Saturday, October 10, 2009

Without A Hitch - 10 Definitive Directors' Cameos In Their Own Movies

As film geeks throughout the blogosphere well know, an appearance by a director in their own film is a tradition established by Alfred Hitchcock. Hitch (or “Cock” as Teri Garr once claimed she called him to Francois Truffaut) had brief but notable appearances in 37 of his 52 films. 

Obviously excluding those who act in sizable roles in their own films (Woody Allen, Sylvester Stallone, Orson Welles, etc.) these are my favorites of the film maker folks that followed in Hitch's footsteps:

1. Martin Scorsese in TAXI DRIVER (1976)

Scorsese has had brief bit cameos in a lot of his movies but it's this appearance credited as "Passenger watching silhouette" that makes the biggest impression. 

As a nervous gun totting cuckolded husband, Scorsese tells his cabbie Travis Bickle (Robert De Niro) to pull over and stay parked with the meter running outside the building where his wife is with another man. He talks about his revenge fantasy involving his 44 Magnum in the only scene in the movie in which we are creeped out by somebody other than the title character. 

What puts this at the top of the list is that Scorsese actually shows some acting chops and a persuasive presence. His later performances in other's movies, particularly Akira Kurosawa's DREAMS and Robert Redford's QUIZ SHOW, confirm TAXI DRIVER's hinted at prowess. Incidentally Scorsese can also be seen in a daylight street scene shot earlier in the film.

2. John Huston in THE TREASURE OF SIERRE MADRE (1948) Another American master who appeared in many movies, his own and others', Huston stole a short but sweet scene from star Humphrey Bogart in this undeniable classic. Bogart's down on his luck character Fred C. Dobbs makes the mistake of trying to bum money 3 times from Huston as an "American in Tampico in white suit."

Huston reluctantly complies but warns: "But from now on, you have to make your way through life without my assistance."

Luckily this was nothing but a movie line - Bogart and Huston assisted each other on a couple more classics afterwards (KEY LARGO and THE AFRICAN QUEEN).

3. Roman Polanski in CHINATOWN (1974) Perhaps it's been all the op ed pieces on Polanski lately (Sometimes that have the same screen capture I have here) that helped to inspire this list but whatever the case this is a colossally classic cameo. In less than a minute of screen time, as a thug that Jack Nicholson's Jake Gittes dismisses as a "midget", Polanski convinces us that he actually slices Nicholson's nose with a switchblade. It's a moment that's impossible to forget:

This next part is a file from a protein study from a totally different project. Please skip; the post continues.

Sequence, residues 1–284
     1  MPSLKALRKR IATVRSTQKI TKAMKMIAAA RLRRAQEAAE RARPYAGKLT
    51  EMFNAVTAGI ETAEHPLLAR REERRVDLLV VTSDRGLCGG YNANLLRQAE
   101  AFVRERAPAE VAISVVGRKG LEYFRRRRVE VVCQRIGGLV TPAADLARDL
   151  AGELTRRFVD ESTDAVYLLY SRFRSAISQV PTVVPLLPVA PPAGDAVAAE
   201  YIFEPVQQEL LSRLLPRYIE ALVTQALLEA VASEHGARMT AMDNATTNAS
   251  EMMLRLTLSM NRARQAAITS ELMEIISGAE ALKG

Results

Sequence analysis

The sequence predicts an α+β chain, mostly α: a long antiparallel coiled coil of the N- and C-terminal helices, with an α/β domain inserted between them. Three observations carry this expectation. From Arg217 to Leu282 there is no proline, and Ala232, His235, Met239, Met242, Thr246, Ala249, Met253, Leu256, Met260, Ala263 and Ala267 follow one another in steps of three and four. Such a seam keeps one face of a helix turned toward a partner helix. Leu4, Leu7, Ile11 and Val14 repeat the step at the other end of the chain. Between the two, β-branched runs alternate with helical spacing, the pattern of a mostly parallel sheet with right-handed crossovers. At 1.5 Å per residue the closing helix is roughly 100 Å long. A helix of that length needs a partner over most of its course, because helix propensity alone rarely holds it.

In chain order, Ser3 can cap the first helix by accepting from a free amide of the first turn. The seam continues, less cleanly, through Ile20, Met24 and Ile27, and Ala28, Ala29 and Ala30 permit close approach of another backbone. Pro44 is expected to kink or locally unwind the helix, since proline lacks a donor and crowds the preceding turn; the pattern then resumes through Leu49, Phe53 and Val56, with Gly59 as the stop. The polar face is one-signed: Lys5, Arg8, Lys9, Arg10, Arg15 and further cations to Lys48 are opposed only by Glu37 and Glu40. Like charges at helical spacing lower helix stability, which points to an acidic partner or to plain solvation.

4. George Lucas in STAR WARS: EPISODE III - REVENGE OF THE SITH (2005) This is movie director as extra. For a member of a crowd scene in the last STAR WARS series entry (or the third if you're into the revisionist re-jiggling thing), Lucas got himself decked out in alien garb and gave himself a name: Baron Papanoida. There's an oddly lengthy bio at IMDb. And yes, there's an action figure too.

5. Richard Linklater in SLACKER (1994) Linklater's role as "Should Have Stayed at Bus Station" sets into motion the stream of self consciousness exercise that he geared the movie to be:

It's quite a loose likable persona that Linklater affects - one that kicks off his film career and also appears in animated form in WAKING LIFE (2001) - a sort of sequel (or at least spiritual follow-up) to SLACKER.

6. Hal Ashby in HAROLD AND MAUDE (1971)

Film babble blog favorite Ashby also does the "movie director as extra" thing as a hippy freak at a carnival in his counter culture cult classic. Of course, he was just dressed as usual and it's not really a cameo; more of a brief shot that captures the director as a random passerby watching a mechanical toy train with Harold (Bud Cort) and Maude (Ruth Gordon).

Ashby also shows up doing the extra thing again in a newsroom in BEING THERE (1980) - something I noticed just recently after missing it for years on many repeated viewings.

7. Francis Ford Coppola in APOCALYPSE NOW (1979) So he's the "Director of TV Crew" who barks orders at the soldiers as they run through his shot - is it an exaggeration of Coppola's ego or the real thing? You decide:


8. David Lynch in TWIN PEAKS: FIRE WALK WITH ME (1992) Lynch has done a number of walk on parts in his films but here he gives himself an actual character: FBI Regional Bureau Chief Gordon Cole who Special Agent Dale Cooper (Kyle Machlachlan) reports to. Lynch's Gordon appeared on the TV series a few blink and miss them times and his bit for the prequel/origin story/whatever movie is pretty meager. So what gets him on this list? I guess it's that a normal office scenario is skewed by the likes of David Bowie and flashes of a white faced pointy nosed circus wack job or whatever dancing around and this time Lynch himself is in the midst of it. Welcome to my nightmare, indeed:

9. Oliver Stone in WALL STREET (1987)

Yet another director that has taken bit or extra roles in multiple movies, Stone does a split screen sound bite appearance as a broker on the phone in one of the film's many frenetic montages. No word whether he'll reprise the role for the sequel.

10. Sam Raimi in THE EVIL DEAD TRILOGY (1981-1992) As documented by AMC Filmsite, Sam Raimi appeared: 1981: as a Hitchhiking Fisherman and the Voice of the Evil Force 1987: as a Medieval Soldier; and 1993: as a Knight in Sweatshirt and Sneakers, who assured Ash (Bruce Campbell): "You can count on my steel."

Peter Jackson pulled the same stunt by appearing in all 3 LORD OF THE RINGS movies.

More later...

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